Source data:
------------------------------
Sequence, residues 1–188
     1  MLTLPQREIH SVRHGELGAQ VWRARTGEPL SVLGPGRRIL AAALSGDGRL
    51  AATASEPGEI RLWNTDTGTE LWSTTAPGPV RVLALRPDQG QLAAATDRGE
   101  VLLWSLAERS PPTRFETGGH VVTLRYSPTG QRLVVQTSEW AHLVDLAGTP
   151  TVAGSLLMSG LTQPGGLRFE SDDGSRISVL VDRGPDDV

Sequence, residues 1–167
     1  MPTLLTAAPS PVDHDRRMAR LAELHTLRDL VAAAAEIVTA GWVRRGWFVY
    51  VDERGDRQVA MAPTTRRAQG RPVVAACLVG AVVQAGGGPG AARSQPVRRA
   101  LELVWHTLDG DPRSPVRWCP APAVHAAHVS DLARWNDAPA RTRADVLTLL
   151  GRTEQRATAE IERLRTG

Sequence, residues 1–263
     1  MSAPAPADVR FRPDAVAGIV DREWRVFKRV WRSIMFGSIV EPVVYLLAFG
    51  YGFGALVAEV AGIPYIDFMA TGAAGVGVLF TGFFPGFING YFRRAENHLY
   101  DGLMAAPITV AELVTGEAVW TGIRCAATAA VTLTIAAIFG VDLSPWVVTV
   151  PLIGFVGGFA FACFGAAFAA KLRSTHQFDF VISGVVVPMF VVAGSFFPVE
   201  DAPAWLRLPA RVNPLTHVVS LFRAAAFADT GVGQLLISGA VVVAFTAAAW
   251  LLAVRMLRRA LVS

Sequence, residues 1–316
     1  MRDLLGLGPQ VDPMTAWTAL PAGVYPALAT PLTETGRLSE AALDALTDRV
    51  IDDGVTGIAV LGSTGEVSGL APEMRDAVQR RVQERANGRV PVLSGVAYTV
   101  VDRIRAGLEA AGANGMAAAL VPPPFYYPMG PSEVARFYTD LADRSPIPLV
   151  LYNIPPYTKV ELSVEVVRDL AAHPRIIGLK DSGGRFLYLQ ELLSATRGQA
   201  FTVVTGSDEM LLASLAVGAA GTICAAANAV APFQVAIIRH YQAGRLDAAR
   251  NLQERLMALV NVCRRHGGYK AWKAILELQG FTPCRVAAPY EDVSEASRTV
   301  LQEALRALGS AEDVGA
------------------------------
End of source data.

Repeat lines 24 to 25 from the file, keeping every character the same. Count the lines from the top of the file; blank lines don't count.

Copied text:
   251  NLQERLMALV NVCRRHGGYK AWKAILELQG FTPCRVAAPY EDVSEASRTV
   301  LQEALRALGS AEDVGA